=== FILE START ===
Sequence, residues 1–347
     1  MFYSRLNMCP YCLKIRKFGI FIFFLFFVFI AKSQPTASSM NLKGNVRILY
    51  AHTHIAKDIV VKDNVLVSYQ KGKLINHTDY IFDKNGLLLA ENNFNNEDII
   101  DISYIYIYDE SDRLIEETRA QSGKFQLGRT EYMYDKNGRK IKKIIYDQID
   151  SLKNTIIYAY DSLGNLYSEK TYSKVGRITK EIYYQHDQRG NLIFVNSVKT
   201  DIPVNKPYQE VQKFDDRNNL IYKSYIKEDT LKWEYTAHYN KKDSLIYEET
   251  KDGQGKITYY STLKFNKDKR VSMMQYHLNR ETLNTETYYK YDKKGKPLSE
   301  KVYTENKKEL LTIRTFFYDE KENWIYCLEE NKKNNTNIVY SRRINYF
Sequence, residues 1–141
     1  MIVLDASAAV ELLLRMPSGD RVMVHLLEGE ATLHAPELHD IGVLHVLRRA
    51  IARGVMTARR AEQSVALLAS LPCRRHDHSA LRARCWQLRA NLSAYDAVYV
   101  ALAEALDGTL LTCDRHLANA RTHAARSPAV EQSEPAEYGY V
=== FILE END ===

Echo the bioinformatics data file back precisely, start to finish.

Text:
Sequence, residues 1–347
     1  MFYSRLNMCP YCLKIRKFGI FIFFLFFVFI AKSQPTASSM NLKGNVRILY
    51  AHTHIAKDIV VKDNVLVSYQ KGKLINHTDY IFDKNGLLLA ENNFNNEDII
   101  DISYIYIYDE SDRLIEETRA QSGKFQLGRT EYMYDKNGRK IKKIIYDQID
   151  SLKNTIIYAY DSLGNLYSEK TYSKVGRITK EIYYQHDQRG NLIFVNSVKT
   201  DIPVNKPYQE VQKFDDRNNL IYKSYIKEDT LKWEYTAHYN KKDSLIYEET
   251  KDGQGKITYY STLKFNKDKR VSMMQYHLNR ETLNTETYYK YDKKGKPLSE
   301  KVYTENKKEL LTIRTFFYDE KENWIYCLEE NKKNNTNIVY SRRINYF
Sequence, residues 1–141
     1  MIVLDASAAV ELLLRMPSGD RVMVHLLEGE ATLHAPELHD IGVLHVLRRA
    51  IARGVMTARR AEQSVALLAS LPCRRHDHSA LRARCWQLRA NLSAYDAVYV
   101  ALAEALDGTL LTCDRHLANA RTHAARSPAV EQSEPAEYGY V